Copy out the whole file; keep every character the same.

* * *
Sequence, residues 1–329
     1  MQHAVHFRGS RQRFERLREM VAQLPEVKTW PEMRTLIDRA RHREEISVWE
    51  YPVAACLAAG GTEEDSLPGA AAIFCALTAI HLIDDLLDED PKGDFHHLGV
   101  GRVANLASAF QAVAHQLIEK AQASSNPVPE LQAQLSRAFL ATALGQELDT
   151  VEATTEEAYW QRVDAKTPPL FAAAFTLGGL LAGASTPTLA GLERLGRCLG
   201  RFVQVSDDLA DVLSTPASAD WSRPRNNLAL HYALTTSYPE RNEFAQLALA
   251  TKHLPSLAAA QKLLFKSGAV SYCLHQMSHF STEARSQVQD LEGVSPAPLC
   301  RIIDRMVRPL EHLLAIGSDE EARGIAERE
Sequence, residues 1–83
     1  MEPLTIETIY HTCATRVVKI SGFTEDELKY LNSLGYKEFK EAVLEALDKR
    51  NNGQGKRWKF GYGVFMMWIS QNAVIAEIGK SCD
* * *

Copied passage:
Sequence, residues 1–329
     1  MQHAVHFRGS RQRFERLREM VAQLPEVKTW PEMRTLIDRA RHREEISVWE
    51  YPVAACLAAG GTEEDSLPGA AAIFCALTAI HLIDDLLDED PKGDFHHLGV
   101  GRVANLASAF QAVAHQLIEK AQASSNPVPE LQAQLSRAFL ATALGQELDT
   151  VEATTEEAYW QRVDAKTPPL FAAAFTLGGL LAGASTPTLA GLERLGRCLG
   201  RFVQVSDDLA DVLSTPASAD WSRPRNNLAL HYALTTSYPE RNEFAQLALA
   251  TKHLPSLAAA QKLLFKSGAV SYCLHQMSHF STEARSQVQD LEGVSPAPLC
   301  RIIDRMVRPL EHLLAIGSDE EARGIAERE
Sequence, residues 1–83
     1  MEPLTIETIY HTCATRVVKI SGFTEDELKY LNSLGYKEFK EAVLEALDKR
    51  NNGQGKRWKF GYGVFMMWIS QNAVIAEIGK SCD